As stated above, the most prevalent basis for modification is a change in one parent’s income. And the most common way parents show that the change in income should result in modification, is by comparing the current child support amount to an obligation calculated on the new income. If the new calculation varies from the old by 20 percent and $75, a modification is likely.

Also, according to the Minnesota Court of Appeals, if the 20 percent/$75 showing is made (or any of the other six factors under subd. 2(b)), then the party no longer has to show any of the eight factors in subd. 2(a), although the party must still show that the obligation is unreasonable or unfair. Rose v. Rose, 765 N.W.2d 142 (Minn. Ct. App. 2009).

What Doesn’t Create a Presumption for Modification?

The statute, and Minnesota case law, not only lay out the groundwork for creating a presumption of modification, but also list scenarios which do not create a presumption:

1. When a party becomes responsible for the support of another child (a child to only one, but not both, parties), born after the obligation was established.
2. Changes in income or financial circumstances for the parents’ other spouses;
3. A voluntary reduction in income in bad faith, to avoid or reduce an obligation;
4. Overtime pay, in certain circumstances;
5. New law, unless the law specifically states otherwise; or
6. When child support is based on a pre-2005-2008 calculation (before the guidelines were modified), and modification is sought for the first time, but would result in hardship for a party.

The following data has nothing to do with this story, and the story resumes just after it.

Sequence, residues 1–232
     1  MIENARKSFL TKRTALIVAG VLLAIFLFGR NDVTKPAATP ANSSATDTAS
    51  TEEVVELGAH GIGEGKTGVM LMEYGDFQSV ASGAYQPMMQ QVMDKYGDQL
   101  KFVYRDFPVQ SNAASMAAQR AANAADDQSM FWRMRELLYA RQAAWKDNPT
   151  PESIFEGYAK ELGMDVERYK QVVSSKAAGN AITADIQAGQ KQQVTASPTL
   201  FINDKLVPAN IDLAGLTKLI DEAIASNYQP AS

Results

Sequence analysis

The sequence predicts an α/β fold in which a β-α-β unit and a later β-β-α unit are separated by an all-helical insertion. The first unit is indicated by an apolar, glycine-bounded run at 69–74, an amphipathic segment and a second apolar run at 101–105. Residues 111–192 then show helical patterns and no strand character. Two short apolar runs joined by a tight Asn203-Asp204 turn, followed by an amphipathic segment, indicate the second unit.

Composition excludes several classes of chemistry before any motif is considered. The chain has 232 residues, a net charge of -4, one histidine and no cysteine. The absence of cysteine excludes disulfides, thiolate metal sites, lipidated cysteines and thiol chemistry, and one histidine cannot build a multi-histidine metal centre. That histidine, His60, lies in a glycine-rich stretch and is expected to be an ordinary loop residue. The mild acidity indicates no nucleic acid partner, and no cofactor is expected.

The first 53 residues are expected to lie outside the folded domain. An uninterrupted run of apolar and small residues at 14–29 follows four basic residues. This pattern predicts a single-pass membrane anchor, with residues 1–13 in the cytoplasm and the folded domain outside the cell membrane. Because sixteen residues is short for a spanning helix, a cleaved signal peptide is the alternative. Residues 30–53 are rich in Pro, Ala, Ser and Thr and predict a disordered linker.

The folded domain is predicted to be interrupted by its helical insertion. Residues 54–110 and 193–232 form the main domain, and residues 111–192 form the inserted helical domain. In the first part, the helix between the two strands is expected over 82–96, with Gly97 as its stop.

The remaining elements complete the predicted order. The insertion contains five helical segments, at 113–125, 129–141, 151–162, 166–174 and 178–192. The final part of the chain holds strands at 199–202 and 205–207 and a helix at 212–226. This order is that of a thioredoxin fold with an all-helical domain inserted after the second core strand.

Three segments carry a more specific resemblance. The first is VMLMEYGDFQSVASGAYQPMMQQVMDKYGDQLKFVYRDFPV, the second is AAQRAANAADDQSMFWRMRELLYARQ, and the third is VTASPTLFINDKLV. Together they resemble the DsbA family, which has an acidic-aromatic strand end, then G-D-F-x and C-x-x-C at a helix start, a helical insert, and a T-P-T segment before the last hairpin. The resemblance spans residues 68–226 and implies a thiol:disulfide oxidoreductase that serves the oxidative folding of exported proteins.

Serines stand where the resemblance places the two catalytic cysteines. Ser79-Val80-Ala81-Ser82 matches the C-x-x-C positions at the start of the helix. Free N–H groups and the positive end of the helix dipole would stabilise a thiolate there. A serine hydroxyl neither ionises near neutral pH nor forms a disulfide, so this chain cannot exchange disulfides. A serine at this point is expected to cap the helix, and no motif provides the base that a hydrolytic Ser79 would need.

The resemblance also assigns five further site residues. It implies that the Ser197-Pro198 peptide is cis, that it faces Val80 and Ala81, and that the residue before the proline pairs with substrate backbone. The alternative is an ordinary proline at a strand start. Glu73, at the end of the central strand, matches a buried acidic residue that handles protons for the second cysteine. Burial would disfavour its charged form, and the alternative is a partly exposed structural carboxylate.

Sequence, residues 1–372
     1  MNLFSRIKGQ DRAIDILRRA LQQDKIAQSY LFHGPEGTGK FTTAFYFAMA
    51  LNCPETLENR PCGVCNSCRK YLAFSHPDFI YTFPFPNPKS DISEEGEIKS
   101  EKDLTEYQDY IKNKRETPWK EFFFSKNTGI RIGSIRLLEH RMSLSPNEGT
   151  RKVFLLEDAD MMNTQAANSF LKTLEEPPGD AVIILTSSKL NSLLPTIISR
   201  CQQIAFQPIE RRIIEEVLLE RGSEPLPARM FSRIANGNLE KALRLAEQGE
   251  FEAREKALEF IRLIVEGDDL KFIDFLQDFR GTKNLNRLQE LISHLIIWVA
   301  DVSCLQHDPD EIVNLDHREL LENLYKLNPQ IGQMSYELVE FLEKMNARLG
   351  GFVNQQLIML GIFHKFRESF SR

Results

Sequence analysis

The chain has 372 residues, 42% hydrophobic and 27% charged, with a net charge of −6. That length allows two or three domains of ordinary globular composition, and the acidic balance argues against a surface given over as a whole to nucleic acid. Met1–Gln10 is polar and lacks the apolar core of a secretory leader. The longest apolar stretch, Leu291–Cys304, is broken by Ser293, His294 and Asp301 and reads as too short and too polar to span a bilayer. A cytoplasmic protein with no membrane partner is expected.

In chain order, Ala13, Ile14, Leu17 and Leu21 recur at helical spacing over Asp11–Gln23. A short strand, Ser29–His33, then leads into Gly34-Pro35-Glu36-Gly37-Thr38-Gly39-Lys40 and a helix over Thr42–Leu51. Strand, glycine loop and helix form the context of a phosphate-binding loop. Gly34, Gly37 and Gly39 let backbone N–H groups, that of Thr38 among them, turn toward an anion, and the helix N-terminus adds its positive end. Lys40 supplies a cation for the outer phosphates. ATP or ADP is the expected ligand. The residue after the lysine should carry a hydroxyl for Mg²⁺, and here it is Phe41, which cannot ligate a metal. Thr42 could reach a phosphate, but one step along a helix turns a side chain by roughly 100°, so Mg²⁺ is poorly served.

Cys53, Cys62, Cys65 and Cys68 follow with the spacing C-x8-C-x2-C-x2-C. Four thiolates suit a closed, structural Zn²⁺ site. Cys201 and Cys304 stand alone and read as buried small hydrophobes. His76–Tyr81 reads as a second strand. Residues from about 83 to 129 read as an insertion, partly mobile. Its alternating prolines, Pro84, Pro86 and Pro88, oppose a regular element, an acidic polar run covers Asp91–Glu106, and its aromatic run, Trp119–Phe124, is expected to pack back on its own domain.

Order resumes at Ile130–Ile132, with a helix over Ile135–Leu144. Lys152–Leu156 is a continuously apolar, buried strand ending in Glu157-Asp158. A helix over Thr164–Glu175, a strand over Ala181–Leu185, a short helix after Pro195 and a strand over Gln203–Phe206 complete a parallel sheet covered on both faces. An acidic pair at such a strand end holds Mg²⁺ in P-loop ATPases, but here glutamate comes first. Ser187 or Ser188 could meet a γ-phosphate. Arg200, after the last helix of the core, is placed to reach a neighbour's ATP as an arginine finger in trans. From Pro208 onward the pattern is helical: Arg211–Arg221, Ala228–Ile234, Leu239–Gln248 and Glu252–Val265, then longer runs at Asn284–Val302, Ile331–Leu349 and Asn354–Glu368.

Other Related Information

A few other important facets:

1. Child support can only be modified as far back as the date a motion is filed;
2. A parent is presumed to have the ability to work full-time. If the motion for modification is based on unemployment/underemployment, the parent will have to overcome the presumption, before obtaining a presumptive child support modification;
3. A parent seeking modification bears the burden of providing sufficient evidence of the change in circumstances, whether that is evidence of the change in income (pay statements, tax returns, etc.), changes in the cost of living, extraordinary medical expenses of a child, etc.
4. Changes in the amount of a spousal maintenance obligation between the parties can provide a basis for child support modification;
5. The death of an obligor does not terminate the obligation, unless agreed to in writing, or contained in the order, but can be modified, revoked, or commuted to a lump-sum payment;
6. Childcare support can be decreased based on the actual change in childcare costs at the time of the decrease; and
7. Medical support ( a requirement for the parties to contribute to the child’s health insurance coverage) can be modified without modifying the full support order if requested within certain timeframes, and upon certain showings.

If you have questions regarding the topic of this article, or for assistance with child support, or other family law issues, please call 701-297-2890 and ask for Ben, Jeni, or Greg, or send an email to one of them: benjamin.freedman@swlattorneys.com; jennifer.albaugh@swlattorneys.com; greg.liebl@swlattorneys.com.

The information contained in this article and on this website is for informational purposes only and not for the purpose of providing legal advice. You should contact an attorney to obtain advice with respect to your particular set of facts.